Postsurgical changes that distort the normal anatomy after resection and surgical reconstruction can elicit atypical muscle activity (Fig. 34.2). Other reasons for FDG uptake not related to tumor are inflammation, infection, and radiation necrosis.

In patients with head and neck cancer, dental problems are common. If disease of the dental roots and/or periodontal space is present, the teeth will be surgically removed before starting radiation treatment. This will cause an inflammation reaction in the jaw, which can be visible in FDG-PET-CT for several weeks. Inflammation can mimic a malignant lesion, and it is important to interpret images in the light of adequate clinical information.

Dental metal work also causes artifacts. Nonremovable metal dentures, bridgework, and fillings will produce a defect in the emission image that can also be seen in the final attenuation-corrected image (9,10). However, most malignant lesions avidly take up FDG and therefore are usually identifiable without problems. In addition, attenuation correction by means of a CT scan can be deteriorated due to dental metalwork, which can mimic FDG
uptake in attenuation-corrected images (11). Measurement of SUV values can be influenced by these artifacts. Therefore, measurements of FDG concentrations in areas adjacent to nonremovable dentures may be of limited value. Based on our experience, we feel that additional viewing of the non-attenuation-corrected emission scans can render image interpretation of oral pathologies with PET more reliable.

Figure 34.2 Atypical muscle activity in the floor of the mouth after partial glossectomy. No local recurrence.

Imaging Goals

T Staging

The first goal of imaging studies is to determine the extent of the primary tumor, in particular with regard to structures whose involvement may alter the surgical approach. Since anatomical information is lacking, FDG-PET has only very limited value in T staging in head and neck cancer. But the introduction of PET-CT, which is a spatially more accurate modality, has meant that increased FDG uptake can be localized with certainty. However, in our experience T staging of head and neck tumors by FDG-PET-CT seems to offer no advantage over conventional imaging methods. Even in PET-CT, the exact size of the tumor is not demonstrated by the FDG uptake, since the elevated FDG activity appears as a spot with blurring.

Quantitative measurement of FDG uptake by means of the standard uptake value (SUV) or other indices is possible and is performed as part of a routine protocol in some institutions. No diagnostic threshold has been clearly established for distinguishing uptake in malignant tumors from that in benign tissues, and in cancer cases no cutoff has been established for defining subgroups of differing prognoses. Previous clinical series suggest a wide range of cutoff values (3.5 to 10) predicting a worse prognosis (12,13,14,15,16,17).

T staging of head and neck tumors by FDG-PET-CT has limitations in small T1-tumors and tumors with superficial spread. These tumors can be completely missed in FDG-PET-CT (18). Perineural spread, which is common in adenoid cystic carcinoma, can be completely overlooked by FDG-PET-CT. Detection and staging of small tumors can be impaired in areas with physiological uptake of FDG (see Fig. 34.1), especially in areas with lymphoepithelial tissue (nasopharynx, palatine tonsils, tongue base) (19). FDG-PET-CT has also limited value in defining intracranial extension of tumors because of the lack of contrast between the FDG avid brain and tumor tissue. For preoperative staging, which includes a depiction of the relationship of the tumor to vessels and the correct delineation of infiltrated structures in the complex head and neck region, contrast-enhanced CT or MRI is mandatory.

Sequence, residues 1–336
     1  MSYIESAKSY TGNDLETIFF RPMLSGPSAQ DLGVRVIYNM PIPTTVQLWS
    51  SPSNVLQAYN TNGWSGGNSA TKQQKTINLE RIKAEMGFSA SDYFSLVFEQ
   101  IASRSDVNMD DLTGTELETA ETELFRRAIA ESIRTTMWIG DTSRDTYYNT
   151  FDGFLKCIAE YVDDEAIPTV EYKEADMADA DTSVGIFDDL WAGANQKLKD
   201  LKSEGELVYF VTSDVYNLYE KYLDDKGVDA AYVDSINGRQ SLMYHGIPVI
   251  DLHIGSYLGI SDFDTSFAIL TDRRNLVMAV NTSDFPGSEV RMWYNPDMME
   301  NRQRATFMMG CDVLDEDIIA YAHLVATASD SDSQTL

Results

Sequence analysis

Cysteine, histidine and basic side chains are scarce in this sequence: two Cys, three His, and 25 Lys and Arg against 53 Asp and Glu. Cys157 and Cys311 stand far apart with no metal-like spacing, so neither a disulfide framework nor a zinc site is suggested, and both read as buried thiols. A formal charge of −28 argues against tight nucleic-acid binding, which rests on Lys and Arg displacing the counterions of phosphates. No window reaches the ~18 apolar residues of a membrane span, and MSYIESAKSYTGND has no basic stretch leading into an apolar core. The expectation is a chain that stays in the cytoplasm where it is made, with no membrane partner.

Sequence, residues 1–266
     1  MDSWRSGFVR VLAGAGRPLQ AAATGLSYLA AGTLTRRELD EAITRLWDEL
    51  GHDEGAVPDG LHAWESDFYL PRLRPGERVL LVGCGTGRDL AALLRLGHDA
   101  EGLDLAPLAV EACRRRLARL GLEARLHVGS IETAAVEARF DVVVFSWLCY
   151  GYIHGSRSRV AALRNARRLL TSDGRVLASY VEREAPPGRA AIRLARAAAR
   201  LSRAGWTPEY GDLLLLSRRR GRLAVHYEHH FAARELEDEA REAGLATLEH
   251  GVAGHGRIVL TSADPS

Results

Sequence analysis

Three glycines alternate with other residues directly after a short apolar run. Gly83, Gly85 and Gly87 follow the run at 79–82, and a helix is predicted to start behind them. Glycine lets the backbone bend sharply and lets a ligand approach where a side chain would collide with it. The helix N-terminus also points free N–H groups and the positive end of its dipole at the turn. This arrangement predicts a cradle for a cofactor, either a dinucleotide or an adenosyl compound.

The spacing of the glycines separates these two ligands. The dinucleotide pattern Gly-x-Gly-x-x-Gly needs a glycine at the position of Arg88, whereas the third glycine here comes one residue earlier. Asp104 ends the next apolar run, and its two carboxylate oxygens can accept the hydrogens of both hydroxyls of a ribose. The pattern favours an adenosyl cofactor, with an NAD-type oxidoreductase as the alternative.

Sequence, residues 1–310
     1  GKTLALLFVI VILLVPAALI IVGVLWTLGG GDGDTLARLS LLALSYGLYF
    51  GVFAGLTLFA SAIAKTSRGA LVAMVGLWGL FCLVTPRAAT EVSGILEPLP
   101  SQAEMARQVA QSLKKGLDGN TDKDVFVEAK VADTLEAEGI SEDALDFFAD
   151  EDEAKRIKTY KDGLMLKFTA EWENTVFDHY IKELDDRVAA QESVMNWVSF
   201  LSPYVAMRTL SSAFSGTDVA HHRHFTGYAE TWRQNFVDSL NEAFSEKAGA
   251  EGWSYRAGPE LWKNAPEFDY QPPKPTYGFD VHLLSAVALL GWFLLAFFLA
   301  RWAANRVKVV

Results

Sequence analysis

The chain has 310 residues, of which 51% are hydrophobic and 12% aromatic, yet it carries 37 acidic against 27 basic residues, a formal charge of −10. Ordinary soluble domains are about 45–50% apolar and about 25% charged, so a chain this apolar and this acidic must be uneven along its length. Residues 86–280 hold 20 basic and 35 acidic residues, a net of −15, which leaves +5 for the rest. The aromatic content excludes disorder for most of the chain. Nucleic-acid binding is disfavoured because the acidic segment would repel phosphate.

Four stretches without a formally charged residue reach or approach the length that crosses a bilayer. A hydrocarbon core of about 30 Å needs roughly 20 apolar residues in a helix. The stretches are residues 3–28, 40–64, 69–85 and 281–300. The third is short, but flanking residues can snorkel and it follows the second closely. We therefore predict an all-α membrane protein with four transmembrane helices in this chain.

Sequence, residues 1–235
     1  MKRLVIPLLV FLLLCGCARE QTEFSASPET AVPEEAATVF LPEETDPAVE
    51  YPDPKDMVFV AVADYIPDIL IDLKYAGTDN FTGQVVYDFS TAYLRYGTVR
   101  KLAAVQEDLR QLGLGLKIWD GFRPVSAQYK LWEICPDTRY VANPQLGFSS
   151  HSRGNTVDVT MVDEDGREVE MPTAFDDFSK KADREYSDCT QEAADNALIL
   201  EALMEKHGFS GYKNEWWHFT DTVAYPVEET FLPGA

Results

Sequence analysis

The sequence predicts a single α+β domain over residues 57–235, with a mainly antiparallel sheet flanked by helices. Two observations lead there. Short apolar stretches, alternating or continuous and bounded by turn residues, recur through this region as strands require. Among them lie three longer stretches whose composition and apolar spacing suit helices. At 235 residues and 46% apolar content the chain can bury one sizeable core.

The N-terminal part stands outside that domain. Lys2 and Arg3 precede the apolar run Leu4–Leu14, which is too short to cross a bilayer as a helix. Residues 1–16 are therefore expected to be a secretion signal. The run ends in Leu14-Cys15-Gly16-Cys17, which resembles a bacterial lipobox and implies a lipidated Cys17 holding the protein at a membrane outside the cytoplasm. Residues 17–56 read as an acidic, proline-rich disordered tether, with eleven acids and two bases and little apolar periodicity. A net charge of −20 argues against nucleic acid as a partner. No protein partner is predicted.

N Staging

An important goal of PET-CT is the assessment of the nodal status in the neck. The presence of nodal metastases is an independent prognostic factor for survival in patients with head and neck cancer. It decreases the overall survival by approximately one half (20). The prognosis worsens additionally with the number of lymph nodes involved (21), with extracapsular spread of nodal disease (22,23), and with metastases located in the lower neck (24). The presence and extent of nodal metastases may affect patient management. Therefore, an accurate nodal staging of the neck is important.

The sensitivities and specificities of FDG-PET in detecting lymph node involvement range between 71% and 93% and 86% and 100% for PET and 53.1% and 82% and 57% and 87.8% for CT and MRI (18,25,26,27). False-negative FDG-PET studies may occur if there is a small tumor burden in metastatic nodes and if also necrotic nodes maintain only a small rim of viable tumor tissue, which is common in squamous cell carcinoma. These nodes can be completely missed by FDG-PET and unenhanced FDG-PET-CT alone (Fig. 34.3). Therefore, FDG-PET-CT should be performed with contrast material to prevent the missing of small necrotic lymph nodes. In contrast, in patients who present large FDG avid lymph nodes in the neck without any central necrotic area, a differential diagnosis of lymphoma should be considered. Nodal metastases in close proximity to the primary tumor may not be detectable as separate hypermetabolic foci when the primary shows very intense tracer uptake (Fig. 34.4). We have observed that FDG-PET-CT cannot differentiate clearly between necrotic lymph node metastases and branchial cleft cysts, because branchial cleft cyst can contain lymphoid tissue (28), which is FDG avid.

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Jul 27, 2016 | Posted by in GENERAL RADIOLOGY | Comments Off on FDG-PET-CT in Head and Neck Cancer